What Is Slow Food > Slow Food USA Blog
Posted on Thu, February 21, 2008 by Jerusha Klemperer
Based on all the emails we got, Slow Food friends from around the country were captivated by the NY Times article about "slow design" a few weeks ago. It was such a hit that the San Francisco Chronicle also ran the story the following week.
It got us thinking about the intersections of Slow Food and design. The definition of "slow design" could extend even further than the Times article suggests.
For example, maybe recyclable cooking ware, as reported in Metroplis mag. You might not think of your plastic colander as sustainable, but if it's made in such a way that it can be recycled along with your empties, maybe it is?
Or how about the work of San Francisco-based design firm Futurefarmers? They are an innovative design collaborative that uses a portion of its profit to fund public projects, many of which explore the world of urban agriculture. Especially exciting, their Victory Gardens pilot project: "The program began as a utopian proposal and has now become a pilot project that supports the transition of backyard, front yard, window boxes, rooftops and unused land into food production areas. VG2007+ has the mission to create and support a citywide network of urban farmers by (1) growing, distributing and supporting starter kits for home gardeners, (2) educating through lessons, exhibitions and web sites and (3) starting and maintaining a city seed bank."
Finally, and this time back to the original article: Carolyn Strauss of Slow Lab, who is mentioned in the article, introduced one of her students to us last year and an interesting project was born. Whitney Stewart, then a student at Parsons School of Design, created a "Slow Lunchbox," for Slow Food on Campus students on the go, which she described as "a lunch carrier that is fun and easy to carry in a book bag and also which will hopefully inspire long-term use." Below is the veggie love graphic she designed for the portable tablecloth, and the pb and j graphic at the top of the post is hers as well:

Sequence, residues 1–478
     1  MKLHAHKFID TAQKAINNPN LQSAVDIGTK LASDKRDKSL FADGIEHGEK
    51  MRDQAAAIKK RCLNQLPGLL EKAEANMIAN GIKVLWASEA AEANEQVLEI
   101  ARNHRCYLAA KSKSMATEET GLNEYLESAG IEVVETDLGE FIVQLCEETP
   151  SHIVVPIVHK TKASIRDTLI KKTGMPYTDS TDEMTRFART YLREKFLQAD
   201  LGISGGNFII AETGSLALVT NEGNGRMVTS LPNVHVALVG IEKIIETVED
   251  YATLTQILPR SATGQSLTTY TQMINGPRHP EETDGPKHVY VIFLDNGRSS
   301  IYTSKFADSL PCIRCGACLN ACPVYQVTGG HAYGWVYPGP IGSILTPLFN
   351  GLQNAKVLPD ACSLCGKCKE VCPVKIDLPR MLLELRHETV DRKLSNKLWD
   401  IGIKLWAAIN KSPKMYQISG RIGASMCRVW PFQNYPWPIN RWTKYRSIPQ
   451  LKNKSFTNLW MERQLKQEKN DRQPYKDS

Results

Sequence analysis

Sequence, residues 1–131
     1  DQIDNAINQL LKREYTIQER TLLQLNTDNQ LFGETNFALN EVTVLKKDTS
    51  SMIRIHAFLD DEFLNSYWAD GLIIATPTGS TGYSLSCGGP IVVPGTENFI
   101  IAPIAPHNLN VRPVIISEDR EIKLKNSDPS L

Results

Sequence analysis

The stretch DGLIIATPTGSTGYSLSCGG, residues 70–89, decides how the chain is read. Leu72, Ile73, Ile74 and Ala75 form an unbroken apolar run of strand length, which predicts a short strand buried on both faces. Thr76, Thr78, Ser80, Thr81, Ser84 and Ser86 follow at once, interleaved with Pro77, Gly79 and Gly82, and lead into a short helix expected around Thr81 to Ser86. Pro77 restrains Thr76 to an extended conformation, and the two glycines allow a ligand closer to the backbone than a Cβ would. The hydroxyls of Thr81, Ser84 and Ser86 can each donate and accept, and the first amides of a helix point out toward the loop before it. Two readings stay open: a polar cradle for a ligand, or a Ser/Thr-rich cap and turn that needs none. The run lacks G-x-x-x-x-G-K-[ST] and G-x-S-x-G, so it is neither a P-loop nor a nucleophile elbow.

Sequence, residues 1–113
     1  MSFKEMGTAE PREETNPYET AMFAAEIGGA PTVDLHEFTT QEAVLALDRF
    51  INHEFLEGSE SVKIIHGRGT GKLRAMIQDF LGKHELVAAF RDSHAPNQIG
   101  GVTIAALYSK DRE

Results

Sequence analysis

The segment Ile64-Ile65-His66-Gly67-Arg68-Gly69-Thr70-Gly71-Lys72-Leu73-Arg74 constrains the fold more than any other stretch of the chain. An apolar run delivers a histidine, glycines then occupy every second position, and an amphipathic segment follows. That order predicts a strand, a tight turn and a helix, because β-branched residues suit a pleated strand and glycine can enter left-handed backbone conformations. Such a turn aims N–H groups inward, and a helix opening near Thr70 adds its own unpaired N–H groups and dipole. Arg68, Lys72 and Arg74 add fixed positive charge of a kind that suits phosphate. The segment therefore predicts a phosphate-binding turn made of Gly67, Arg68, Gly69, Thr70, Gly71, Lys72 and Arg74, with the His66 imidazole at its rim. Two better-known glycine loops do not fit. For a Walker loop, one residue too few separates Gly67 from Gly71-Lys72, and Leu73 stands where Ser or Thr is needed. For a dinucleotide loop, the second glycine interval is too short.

Posted on Wed, February 20, 2008 by Jerusha Klemperer
"Only in America," points out Slow Food USA staffer Cecily, "is the choice between rent and food turned into an advertising gimmick."
And a question: is just one person meant to eat the two breakfast sandwiches AND the four cinnamon buns? Just checking.
On Sunday, as we all know, the largest beef recall in history. And papers around the country now advising consumers to "Eat local meat." Novel! For a nicely-put Q & A with Michael Pollan via Newsweek.com, click here.
As NYC-based site Gothamist puts it, it is all a moo(t) point–much of the meat had already been eaten. The waste (of recalled meat) is staggering, the videos (and the reality they reflect inside slaughterhouses) are upsetting. Incredulity all around.
Posted on Mon, February 18, 2008 by Jerusha Klemperer
Slow Food Chicago member Anne Marie Klaske of NA-DA FARM (near DeKalb, IL) wrote to us about her family's unexpected encounter with the NAIS system.
An interesting reverberation and consequence that none of us might have anticipated. Please do jump in with your thoughts on this one: